Keywords:  Apoptosis; BIM; FasL; NK cells; miRNA
  37. Front Microbiol. 2022 ;13 880873
      Background: Despite the benefits of antiretroviral therapy (ART) for people with HIV, T-cell dysfunction cannot be fully restored. Metabolic dysregulation is associated with dysfunction of HIV-1-specific T-cells. Exploration of the factors regulating metabolic fitness can help reverse T-cell dysfunction and provide new insights into the underlying mechanism.Methods: In this study, HIV-infected individuals and HIV-negative control individuals (NCs) were enrolled. T-cell factor (TCF)1 expression in cells was determined by quantitative reverse-transcriptase polymerase chain reaction and flow cytometry. Relevant microarray data from the GEO database were analyzed to explore the underlying mechanism. The effects of TCF1 on T-cell function and metabolic function were assessed in vitro.
    Results: TCF7 mRNA expression in peripheral blood mononuclear cells was downregulated in rapid progressors compared with long-term non-progressors individuals and NCs. TCF1 expression on CD4+ and CD8+ T-cells was downregulated in treatment-naïve HIV-infected individuals compared with NCs. Interleukin (IL)2 production and proliferative capacity were impaired in TCF1 knockdown T-cells. Moreover, glycolytic capacity and mitochondrial respiratory function were decreased in TCF1 knockdown T-cells, and depolarized mitochondria were increased in TCF1 knockdown T-cells.
    Conclusion: Downregulation of TCF1 in HIV infection impairs T-cell proliferative capacity by disrupting mitochondrial function. These findings highlight the metabolic regulation as a pivotal mechanism of TCF1 in the regulation of T-cell dysfunction.
    Keywords:  HIV infection; T-cell factor 1; metabolism; mitochondrial function; proliferative capacity
  38. Blood. 2022 Jul 26. pii: blood.2022016112. [Epub ahead of print]
      Hematopoietic stem cells (HSCs) have reduced capacities to properly maintain and replenish the hematopoietic system during myelosuppressive injury or aging. Expanding and rejuvenating HSCs for therapeutic purposes has been a long-sought goal, with limited progress. Here, we show that enzyme sphingosine kinase 2 (Sphk2), which generates the lipid metabolite sphingosine-1-phosphate, is highly expressed in HSCs. The deletion of Sphk2 markedly promotes self-renewal and increases the regenerative potential of HSCs. More importantly, Sphk2 deletion globally preserves the young HSC gene expression pattern, improves the function, and sustains the multilineage potential of HSCs during aging. Mechanistically, Sphk2 interacts with prolyl hydroxylase 2 and the Von Hippel-Lindau protein to facilitate HIF1α ubiquitination in the nucleus independent of the Sphk2 catalytic activity. Deletion of Sphk2 increases hypoxic responses by stabilizing the HIF1α protein to upregulate PDK3, a glycolysis checkpoint protein for HSC quiescence, which subsequently enhances the function of HSCs by improving their metabolic fitness; specifically, it enhances anaerobic glycolysis but suppresses mitochondrial oxidative phosphorylation and generation of reactive oxygen species. Overall, targeting Sphk2 to enhance the metabolic fitness of HSCs is a promising strategy to expand and rejuvenate functional HSCs.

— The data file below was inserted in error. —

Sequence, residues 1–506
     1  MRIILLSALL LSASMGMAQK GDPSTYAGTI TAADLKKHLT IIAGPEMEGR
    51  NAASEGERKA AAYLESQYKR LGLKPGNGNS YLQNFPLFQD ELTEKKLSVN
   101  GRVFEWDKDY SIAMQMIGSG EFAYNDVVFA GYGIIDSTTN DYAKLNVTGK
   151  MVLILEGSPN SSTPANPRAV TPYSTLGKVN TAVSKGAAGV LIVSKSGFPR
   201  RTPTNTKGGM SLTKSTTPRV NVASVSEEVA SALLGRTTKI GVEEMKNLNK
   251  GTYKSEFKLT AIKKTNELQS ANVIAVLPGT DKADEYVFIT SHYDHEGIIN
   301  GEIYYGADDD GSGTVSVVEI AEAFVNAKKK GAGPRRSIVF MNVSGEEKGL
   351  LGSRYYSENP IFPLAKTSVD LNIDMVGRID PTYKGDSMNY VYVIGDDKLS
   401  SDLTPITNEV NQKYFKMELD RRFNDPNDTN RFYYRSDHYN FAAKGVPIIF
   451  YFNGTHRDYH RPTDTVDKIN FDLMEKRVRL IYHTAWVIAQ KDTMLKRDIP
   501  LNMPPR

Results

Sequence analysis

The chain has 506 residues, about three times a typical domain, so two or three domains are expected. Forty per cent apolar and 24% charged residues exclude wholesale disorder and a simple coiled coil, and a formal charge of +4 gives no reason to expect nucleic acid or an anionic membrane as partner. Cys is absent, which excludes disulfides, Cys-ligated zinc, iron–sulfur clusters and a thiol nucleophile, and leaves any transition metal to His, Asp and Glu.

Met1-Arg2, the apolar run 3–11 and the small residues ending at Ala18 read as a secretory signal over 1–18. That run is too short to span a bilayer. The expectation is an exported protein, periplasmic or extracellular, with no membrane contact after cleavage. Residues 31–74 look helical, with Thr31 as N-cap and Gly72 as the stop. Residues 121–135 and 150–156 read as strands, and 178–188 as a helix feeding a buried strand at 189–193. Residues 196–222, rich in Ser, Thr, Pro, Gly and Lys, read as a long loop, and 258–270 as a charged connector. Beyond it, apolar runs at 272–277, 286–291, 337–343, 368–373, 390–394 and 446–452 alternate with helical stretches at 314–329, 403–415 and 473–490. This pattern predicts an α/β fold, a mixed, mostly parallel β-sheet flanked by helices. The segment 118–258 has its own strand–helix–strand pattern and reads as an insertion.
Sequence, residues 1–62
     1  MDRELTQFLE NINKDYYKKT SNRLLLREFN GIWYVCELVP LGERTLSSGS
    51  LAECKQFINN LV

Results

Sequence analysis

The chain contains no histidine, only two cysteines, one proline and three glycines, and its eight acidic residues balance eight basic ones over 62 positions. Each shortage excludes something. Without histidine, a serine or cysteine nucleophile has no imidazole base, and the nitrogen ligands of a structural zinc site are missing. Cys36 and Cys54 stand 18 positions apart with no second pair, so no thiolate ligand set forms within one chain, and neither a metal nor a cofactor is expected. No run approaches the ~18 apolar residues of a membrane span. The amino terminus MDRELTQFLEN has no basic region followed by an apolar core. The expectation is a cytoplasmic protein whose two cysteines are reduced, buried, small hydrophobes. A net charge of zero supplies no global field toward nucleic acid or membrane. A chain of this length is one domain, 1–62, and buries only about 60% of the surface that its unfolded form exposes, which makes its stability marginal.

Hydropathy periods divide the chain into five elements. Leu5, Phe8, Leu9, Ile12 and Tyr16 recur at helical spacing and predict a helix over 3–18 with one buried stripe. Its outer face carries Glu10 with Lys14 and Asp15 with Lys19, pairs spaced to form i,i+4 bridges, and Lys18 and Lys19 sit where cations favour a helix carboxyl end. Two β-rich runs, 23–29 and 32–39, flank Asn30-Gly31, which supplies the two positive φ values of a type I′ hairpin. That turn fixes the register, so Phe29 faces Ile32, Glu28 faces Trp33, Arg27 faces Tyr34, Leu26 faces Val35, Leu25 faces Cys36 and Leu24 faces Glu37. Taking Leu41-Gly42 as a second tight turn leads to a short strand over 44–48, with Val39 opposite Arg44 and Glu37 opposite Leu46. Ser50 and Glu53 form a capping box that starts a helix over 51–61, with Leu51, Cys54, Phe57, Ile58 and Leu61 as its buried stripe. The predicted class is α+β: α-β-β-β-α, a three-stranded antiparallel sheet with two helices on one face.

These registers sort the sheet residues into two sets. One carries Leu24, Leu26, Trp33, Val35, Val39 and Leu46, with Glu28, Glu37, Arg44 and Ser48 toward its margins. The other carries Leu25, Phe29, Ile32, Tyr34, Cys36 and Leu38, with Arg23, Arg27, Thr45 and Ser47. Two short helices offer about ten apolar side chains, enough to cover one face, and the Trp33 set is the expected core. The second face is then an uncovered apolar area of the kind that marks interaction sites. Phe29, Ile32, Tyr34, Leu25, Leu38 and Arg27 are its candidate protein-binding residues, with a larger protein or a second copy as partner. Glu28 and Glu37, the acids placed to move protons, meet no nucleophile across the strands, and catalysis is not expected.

39. Sci Adv. 2022 Jul 29. 8(30): eabo4577
      Transforming growth factor-β is well known to restrain cytotoxic T cell responses to maintain self-tolerance and to promote tumor immune evasion. In this study, we have investigated the role of SMAD4, a core component in the TGF-β signaling pathway, in CD8+ T cells. Unexpectedly, we found that SMAD4 was critical in promoting CD8+ T cell function in both tumor and infection models. SMAD4-mediated transcriptional regulation of CD8+ T cell activation and cytotoxicity was dependent on the T cell receptor (TCR) but not TGF-β signaling pathway. Following TCR activation, SMAD4 translocated into the nucleus, up-regulated genes encoding TCR signaling components and cytotoxic molecules in CD8+ T cells and thus reinforced T cell function. Biochemically, SMAD4 was directly phosphorylated by ERK at Ser367 residue following TCR activation. Our study thus demonstrates a critical yet unexpected role of SMAD4 in promoting CD8+ T cell-mediated cytotoxic immunity.
  40. Nat Immunol. 2022 Jul 25.
      T cell antigen-receptor (TCR) signaling controls the development, activation and survival of T cells by involving several layers and numerous mechanisms of gene regulation. N6-methyladenosine (m6A) is the most prevalent messenger RNA modification affecting splicing, translation and stability of transcripts. In the present study, we describe the Wtap protein as essential for m6A methyltransferase complex function and reveal its crucial role in TCR signaling in mouse T cells. Wtap and m6A methyltransferase functions were required for the differentiation of thymocytes, control of activation-induced death of peripheral T cells and prevention of colitis by enabling gut RORγt+ regulatory T cell function. Transcriptome and epitranscriptomic analyses reveal that m6A modification destabilizes Orai1 and Ripk1 mRNAs. Lack of post-transcriptional repression of the encoded proteins correlated with increased store-operated calcium entry activity and diminished survival of T cells with conditional genetic inactivation of Wtap. These findings uncover how m6A modification impacts on TCR signal transduction and determines activation and survival of T cells.